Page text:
The Journey Prize anthology was perhaps the last thing on Yasuko Yasuko ThanhThanh’s mind after leaving high school at age 15 and living on the streets of Vancouver. Still, she wrote extensively about her travels abroad and, based on the merit of her work, was accepted to the University of Victoria where she earned a master’s degree in creative writing.

“Before I won 2009’s Journey Prize, I was busking in Vancouver’s Gastown to make ends meet. I lived in an illegal studio suite with no water. I took showers at a local drop in centre,” remembers Thanh. “The reality was I often didn’t even have enough money for postage stamps to send out my writing submissions.”

As a starving student she submitted to magazines with crossed fingers, hoping to get an acceptance instead of a rejection. “People figure a writer can write anywhere, because all one needs is a pen and a piece of paper,” she says. “Maybe one also needs to know how to starve well.” Thanh began to wonder at the state of her life: a few stories in literary magazines, a handful of published articles, no credit cards, no bank account.

“Then I won the Journey Prize. A whirlwind trip to Toronto. Having publishing houses hand me their business cards instead of me chasing after them,” she describes. “In the biz some say it’s harder to find an agent than a publisher: within a few weeks of winning the prize I had both. I was taken more seriously as a writer after winning the prize.”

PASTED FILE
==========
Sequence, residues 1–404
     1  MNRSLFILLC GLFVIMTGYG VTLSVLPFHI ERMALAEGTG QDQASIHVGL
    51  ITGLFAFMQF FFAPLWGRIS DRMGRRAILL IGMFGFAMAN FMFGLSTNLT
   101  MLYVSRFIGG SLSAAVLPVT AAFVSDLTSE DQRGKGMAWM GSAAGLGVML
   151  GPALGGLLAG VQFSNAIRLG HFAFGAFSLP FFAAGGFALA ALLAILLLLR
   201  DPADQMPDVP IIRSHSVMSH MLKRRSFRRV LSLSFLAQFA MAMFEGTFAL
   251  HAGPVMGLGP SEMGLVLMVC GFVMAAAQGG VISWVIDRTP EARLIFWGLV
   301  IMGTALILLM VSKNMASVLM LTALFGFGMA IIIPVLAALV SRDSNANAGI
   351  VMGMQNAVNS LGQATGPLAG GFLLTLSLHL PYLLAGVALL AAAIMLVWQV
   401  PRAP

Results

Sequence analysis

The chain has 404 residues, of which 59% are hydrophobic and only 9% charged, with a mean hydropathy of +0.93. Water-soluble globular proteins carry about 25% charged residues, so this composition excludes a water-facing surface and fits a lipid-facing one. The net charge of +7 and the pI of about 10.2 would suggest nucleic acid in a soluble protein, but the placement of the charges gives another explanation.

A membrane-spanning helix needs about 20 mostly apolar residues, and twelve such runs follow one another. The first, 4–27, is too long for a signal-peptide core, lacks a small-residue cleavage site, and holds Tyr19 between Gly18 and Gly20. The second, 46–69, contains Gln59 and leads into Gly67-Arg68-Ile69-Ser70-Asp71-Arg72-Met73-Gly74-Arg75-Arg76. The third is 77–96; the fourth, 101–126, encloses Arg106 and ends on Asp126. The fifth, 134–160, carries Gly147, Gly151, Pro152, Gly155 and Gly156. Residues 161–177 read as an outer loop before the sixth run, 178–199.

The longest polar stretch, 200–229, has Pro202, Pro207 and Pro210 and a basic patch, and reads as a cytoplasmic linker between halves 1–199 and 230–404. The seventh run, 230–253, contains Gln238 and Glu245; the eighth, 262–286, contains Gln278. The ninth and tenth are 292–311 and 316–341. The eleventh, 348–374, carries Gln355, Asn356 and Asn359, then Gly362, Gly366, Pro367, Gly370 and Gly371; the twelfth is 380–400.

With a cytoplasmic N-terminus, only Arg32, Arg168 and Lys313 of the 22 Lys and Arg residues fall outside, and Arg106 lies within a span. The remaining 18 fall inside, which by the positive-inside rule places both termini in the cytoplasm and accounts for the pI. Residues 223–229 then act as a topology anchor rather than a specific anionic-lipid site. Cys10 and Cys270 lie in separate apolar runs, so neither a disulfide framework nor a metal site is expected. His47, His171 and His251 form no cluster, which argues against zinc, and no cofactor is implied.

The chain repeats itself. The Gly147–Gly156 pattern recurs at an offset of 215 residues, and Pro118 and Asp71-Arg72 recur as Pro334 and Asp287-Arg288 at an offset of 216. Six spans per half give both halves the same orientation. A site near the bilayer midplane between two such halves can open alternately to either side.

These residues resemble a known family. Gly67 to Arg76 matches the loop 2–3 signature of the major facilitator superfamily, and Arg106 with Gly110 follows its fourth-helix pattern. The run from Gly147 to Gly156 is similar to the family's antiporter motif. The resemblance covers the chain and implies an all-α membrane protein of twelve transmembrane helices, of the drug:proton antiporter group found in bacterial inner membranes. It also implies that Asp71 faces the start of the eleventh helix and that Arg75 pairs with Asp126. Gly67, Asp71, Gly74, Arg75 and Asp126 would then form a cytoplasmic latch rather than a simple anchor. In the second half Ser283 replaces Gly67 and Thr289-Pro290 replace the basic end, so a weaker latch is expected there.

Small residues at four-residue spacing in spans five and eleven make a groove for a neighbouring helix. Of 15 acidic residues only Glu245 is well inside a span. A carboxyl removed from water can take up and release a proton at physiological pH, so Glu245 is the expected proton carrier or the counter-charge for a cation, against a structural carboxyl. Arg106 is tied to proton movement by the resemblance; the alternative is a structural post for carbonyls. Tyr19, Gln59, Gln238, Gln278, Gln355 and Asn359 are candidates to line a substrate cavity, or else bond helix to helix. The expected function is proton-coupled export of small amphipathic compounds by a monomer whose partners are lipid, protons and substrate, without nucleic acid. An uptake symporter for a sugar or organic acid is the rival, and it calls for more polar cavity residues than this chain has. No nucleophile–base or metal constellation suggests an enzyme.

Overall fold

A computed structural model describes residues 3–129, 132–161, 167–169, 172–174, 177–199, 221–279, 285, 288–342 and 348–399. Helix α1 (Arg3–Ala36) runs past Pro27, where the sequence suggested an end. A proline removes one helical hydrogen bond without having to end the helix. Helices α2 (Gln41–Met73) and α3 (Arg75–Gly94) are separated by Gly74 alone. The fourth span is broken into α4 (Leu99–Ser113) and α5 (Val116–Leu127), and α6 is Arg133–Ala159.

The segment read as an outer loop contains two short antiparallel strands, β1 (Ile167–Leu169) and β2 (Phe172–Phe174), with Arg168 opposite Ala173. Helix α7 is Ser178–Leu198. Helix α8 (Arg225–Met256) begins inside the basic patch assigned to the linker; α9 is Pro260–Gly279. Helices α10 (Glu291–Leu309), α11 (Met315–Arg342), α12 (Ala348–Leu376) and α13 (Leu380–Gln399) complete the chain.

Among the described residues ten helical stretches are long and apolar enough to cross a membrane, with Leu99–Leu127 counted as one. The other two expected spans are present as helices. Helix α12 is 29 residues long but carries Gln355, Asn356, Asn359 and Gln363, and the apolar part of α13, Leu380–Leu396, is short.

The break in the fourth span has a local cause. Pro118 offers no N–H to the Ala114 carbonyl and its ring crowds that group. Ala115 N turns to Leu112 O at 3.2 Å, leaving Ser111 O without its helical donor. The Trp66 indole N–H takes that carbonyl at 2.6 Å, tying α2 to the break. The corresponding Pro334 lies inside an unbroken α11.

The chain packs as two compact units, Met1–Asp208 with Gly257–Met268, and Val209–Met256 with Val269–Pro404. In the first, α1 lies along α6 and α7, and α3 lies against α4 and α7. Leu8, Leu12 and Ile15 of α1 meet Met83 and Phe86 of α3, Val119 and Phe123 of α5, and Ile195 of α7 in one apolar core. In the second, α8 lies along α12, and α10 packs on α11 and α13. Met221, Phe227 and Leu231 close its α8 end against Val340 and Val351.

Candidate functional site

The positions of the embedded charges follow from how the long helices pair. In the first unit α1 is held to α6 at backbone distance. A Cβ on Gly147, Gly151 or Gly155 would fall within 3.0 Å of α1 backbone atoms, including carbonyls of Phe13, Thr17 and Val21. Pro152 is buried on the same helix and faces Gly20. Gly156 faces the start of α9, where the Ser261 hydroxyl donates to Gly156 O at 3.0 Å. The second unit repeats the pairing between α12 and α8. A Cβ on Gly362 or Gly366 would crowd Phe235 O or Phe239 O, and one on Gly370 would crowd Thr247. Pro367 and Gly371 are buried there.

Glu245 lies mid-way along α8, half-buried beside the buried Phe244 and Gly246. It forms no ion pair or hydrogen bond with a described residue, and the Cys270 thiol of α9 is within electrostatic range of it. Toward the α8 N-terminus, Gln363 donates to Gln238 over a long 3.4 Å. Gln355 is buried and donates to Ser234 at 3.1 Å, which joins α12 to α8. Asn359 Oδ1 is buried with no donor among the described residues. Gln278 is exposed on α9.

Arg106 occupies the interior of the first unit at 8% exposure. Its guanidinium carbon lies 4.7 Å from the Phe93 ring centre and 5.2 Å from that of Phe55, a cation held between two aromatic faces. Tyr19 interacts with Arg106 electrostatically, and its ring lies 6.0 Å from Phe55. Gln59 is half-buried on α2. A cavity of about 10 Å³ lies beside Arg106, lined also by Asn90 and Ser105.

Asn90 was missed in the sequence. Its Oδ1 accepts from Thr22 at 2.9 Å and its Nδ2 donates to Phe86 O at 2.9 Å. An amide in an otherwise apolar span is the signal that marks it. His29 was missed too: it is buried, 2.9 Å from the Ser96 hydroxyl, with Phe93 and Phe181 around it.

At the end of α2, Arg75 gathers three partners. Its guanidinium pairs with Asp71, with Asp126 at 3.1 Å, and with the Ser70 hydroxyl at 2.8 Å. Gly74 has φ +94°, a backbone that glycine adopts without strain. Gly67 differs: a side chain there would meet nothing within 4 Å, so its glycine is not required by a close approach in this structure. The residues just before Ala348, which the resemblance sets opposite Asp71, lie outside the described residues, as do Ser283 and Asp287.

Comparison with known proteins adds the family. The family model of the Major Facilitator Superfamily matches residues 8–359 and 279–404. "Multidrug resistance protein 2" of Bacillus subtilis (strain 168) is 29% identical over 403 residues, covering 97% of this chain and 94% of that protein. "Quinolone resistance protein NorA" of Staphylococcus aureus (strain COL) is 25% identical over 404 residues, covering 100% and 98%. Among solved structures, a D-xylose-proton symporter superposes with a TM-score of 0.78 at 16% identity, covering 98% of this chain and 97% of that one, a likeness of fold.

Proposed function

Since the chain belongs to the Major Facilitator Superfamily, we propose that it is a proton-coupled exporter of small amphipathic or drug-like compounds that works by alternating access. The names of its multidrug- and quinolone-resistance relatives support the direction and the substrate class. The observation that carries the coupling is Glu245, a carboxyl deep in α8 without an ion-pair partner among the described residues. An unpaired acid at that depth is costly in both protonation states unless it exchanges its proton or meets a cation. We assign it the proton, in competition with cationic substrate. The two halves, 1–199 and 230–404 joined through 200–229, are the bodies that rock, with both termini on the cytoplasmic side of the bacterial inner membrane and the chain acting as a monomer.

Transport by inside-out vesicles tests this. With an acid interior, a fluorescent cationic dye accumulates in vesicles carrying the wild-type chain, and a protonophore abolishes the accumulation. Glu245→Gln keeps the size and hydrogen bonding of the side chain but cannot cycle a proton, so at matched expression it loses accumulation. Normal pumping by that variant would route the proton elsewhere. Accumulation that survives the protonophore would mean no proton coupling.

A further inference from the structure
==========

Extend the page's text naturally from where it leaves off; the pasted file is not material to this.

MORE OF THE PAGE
“Literary awards like the Writers’ Trust / McClelland & Stewart Journey Prize help introduce readers to short story writers they might not have heard of otherwise. I personally studied the Journey Prize Stories anthology as I would have a textbook on craft – and met many of my favourite authors this way,” says Thanh.

Fellow BC writer Michael Turner describes Thanh’s book of short stories, Floating Like the Dead, as “afloat on gorgeous prose, populated by men and women who hover at edge of life’s grand transitions. A remarkable debut by an observant and talented writer.”

“I owe a lot to the Journey Prize.” says Thanh. “An agent, a book deal. A renewed faith in my work. All signs that seem to say I’m on the right track.”

Yasuko Thanh's book of stories Floating Like the Dead, published by Emblem Editions, was nominated for the Ethel Wilson Fiction Prize, BC's award for best fiction. Buy your copy here.

 

 





Shaughnessy Cohen Prize for Political Writing
 
Final Deadline

November 5, 2014 for books published between
July 9 & Dec 31


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Applications

October 3, 2014



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Ongoing

  


 

 

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